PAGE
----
Food Restriction or Food Freedom

mindful eating mindset self-love Sep 20, 2018

“Oh, are you being good?” I was asked on turning down dessert when out for dinner.  One of my pet peeves – I just didn’t want any – no biggie!

It got me thinking about all the rules that we are bombarded with about what foods we should and shouldn’t eat.  Rules I’ve tried to follow before – no fat, low fat, no carb, low carb, don’t eat after a certain time, count calories, can’t eat this, can’t eat that etc.  It’s obvious really that none of these restrictive rules really work long term otherwise there would be no diet industry!

Effects of Restriction

All the restriction succeeds in doing is making us want to eat what we have decided we shouldn’t eat. When we eventually “give in” and eat it we then feel like we’ve failed – feel guilty.  You end up feeling deprived whereas losing the restriction stops that.

I can eat it if I want to – then it’s an active choice whether to or not.  No right or wrong.

These negative feelings can then spill over into the rest of your life and how you feel about yourself. Rather than being about weight loss, it’s about the energy restriction takes :– you are so much more than your body and life is about so much more than what we eat.  It’s about gaining freedom -developing an awareness around food that becomes 2nd nature without feeling deprived.


This week I read Fierce Fatty by Victoria Welsby.  She uses the analogy of only being allowed to eat chocolate, literally just chocolate.  You’re told you should eat chocolate, so you do. You soon start craving other foods but feel bad, so sneak them and then feel guilty. 

This is how we feel when we eat foods we have been told we shouldn’t.  Summed up neatly in this picture from Rachel Goodman Nutrition.

What’s forbidden is what we want.


Be Your Own Experiment

As I’ve written before,(Leaving a Diet Mindset Behind) over the last few years my attitude to food has really changed.

My use of language around food has altered significantly. I no longer say I can’t eat that, I have to eat this – I don’t talk about being good or bad around food.  No food is forbidden or off limits.

I have learnt to eat in a way that satisfies and discovered which foods make me feel good physically, those which give me energy and those that sap it. For example, I know that if I have bread, pasta or a similar carb at lunch I will have a real energy dip around 3-4pm.  I’ve had to discover which carbs keep me satisfied but don’t have this effect.

What I’m going to eat and when I’m going to eat it are no longer time zappers.  Yes, I still plan and do some prep but that is more for shopping lists and convenience – having teenagers in the house food doesn’t hang around long anyway.


One of the strategies I have found to work well for me in terms of nutrition is to adopt 3-5 things that I do every day.  I’ve heard these referred to in several ways: daily nutrition commitments (DNC’s), non-negotiables, baseline. However you refer to them they are just actions that you do daily and near enough become automatic.  For me my three DNC’s are eating protein at every meal, eating slowly and getting my veggies in – normally through salad at lunch and lots of veggies at dinner.  The eating slowly tends to stop me overeating and the protein helps keep me fuller for longer.

They help keep things simple and have become automatic so require little thought.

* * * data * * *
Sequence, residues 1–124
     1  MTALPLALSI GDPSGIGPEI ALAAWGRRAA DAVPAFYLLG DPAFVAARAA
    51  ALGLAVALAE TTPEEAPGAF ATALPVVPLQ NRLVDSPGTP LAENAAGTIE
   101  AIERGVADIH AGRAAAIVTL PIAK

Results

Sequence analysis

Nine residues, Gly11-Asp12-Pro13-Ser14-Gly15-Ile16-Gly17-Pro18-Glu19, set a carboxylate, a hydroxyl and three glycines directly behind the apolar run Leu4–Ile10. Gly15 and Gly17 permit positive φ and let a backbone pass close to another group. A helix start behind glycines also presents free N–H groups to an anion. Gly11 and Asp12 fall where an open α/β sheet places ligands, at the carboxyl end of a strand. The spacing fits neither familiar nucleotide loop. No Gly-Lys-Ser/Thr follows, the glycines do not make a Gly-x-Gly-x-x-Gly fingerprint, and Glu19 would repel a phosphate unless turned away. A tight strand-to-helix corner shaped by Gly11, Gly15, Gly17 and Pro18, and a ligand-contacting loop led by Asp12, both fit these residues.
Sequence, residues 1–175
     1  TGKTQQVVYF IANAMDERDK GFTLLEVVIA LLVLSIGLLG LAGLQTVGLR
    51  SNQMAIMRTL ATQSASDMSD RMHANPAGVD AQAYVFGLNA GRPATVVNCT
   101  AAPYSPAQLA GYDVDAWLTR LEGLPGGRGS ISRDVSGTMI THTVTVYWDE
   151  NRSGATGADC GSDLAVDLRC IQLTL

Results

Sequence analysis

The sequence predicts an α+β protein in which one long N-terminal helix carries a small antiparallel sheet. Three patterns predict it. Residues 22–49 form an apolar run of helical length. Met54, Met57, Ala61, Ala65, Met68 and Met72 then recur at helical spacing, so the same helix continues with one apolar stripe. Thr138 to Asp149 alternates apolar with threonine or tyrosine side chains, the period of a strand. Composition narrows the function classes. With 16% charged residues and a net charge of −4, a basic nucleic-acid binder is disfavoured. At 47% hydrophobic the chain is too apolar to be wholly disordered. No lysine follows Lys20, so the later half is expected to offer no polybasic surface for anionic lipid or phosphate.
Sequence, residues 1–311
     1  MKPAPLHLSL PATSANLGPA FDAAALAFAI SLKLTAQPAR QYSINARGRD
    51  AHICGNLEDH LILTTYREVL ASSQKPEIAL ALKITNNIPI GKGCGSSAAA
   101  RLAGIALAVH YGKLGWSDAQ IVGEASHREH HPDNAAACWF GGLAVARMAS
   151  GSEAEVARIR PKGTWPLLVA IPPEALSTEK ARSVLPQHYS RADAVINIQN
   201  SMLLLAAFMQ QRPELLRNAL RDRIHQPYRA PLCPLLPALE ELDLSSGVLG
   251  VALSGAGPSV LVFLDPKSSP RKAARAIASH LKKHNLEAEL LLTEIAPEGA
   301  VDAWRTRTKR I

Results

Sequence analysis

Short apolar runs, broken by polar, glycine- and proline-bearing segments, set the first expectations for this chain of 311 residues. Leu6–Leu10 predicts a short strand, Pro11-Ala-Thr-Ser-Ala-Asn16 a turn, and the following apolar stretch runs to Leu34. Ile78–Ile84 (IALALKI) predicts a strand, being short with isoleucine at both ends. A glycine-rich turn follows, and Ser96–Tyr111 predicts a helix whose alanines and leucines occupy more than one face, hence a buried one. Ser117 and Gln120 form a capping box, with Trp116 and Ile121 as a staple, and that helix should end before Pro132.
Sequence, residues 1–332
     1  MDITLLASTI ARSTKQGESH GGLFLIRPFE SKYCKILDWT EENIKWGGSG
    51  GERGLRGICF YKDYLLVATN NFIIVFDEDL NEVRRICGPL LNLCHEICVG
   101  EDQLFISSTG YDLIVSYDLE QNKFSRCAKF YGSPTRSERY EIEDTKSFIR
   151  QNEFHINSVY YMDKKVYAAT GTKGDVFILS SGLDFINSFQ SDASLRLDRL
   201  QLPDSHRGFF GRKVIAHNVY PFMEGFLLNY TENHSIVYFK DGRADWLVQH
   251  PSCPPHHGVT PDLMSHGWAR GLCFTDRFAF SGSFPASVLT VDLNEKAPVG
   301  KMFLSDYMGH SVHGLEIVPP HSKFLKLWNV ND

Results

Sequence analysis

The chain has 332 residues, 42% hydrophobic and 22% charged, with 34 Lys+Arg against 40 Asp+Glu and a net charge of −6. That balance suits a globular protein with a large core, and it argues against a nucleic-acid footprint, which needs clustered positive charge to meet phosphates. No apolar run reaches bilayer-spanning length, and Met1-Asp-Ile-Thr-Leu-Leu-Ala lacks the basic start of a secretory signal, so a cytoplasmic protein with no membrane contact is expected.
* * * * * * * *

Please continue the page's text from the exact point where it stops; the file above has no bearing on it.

I’m not saying I never have to think about them and check in – especially the slow eating.


It’s all about learning to trust yourself around food and to trust your body to tell you what you want.  To start with it is about making conscious choices but it soon becomes more intuitive.  Choices such as:

  • Do I want to eat it or are other factors involved?

  • Just because I don’t eat it now doesn’t mean I never can again

  • I don’t have to finish it if I’m full

  • How will I feel if I do/don’t eat it?

  • Am I truly hungry

  • I can have a mouthful and save the rest until later – no really – (this took me ages to get my head around)

Even 5 years ago I really felt I was going to be “on” a diet for the rest of my life, felt like I just lacked self-control. We’d go out for dinner and it would be an excuse to eat everything, go on holiday and the same. Now when we go out for dinner I may have a pudding, I may not, on holiday I no longer feel the need to totally over eat to make up for restriction in the weeks leading up to it, I try to eat in the same manner the majority of the time.

Sometimes you do want the chocolate or the cookies and that’s fine – it doesn’t mean you’re bad – enjoy them and then move on. Eating foods I like and that satisfy means more or often or not I don’t get cravings in the same way I used to.


To summarise these are the key points/actions – focus on changing one thing at a time in a positive way – don’t change too many things at once

Sarah J Snape | Life Coach for Women
  • Think about what you can add to your meals to make them more satisfying

  • Think about 3-5 things you could do each day as building blocks for your nutrition. Pick 1 at a time and these should be easy – e.g. 1 of mine was to increase veggies. I already had a salad most lunch times and veggies with dinner, so I just upped the portions.

  • Don’t make any food or food group forbidden

  • Think about how certain foods make you feel

Changing my relationship with food has taken time, experimenting and practice. It’s still by no means perfect but it’s certainly more positive than it ever has been.

What I have found amazing is how much of an effect letting go of restriction in this area and thus feelings of failure etc has had a knock-on effect to my confidence in myself in other areas of life.

If any of this resonates please leave a comment or feel free to share.

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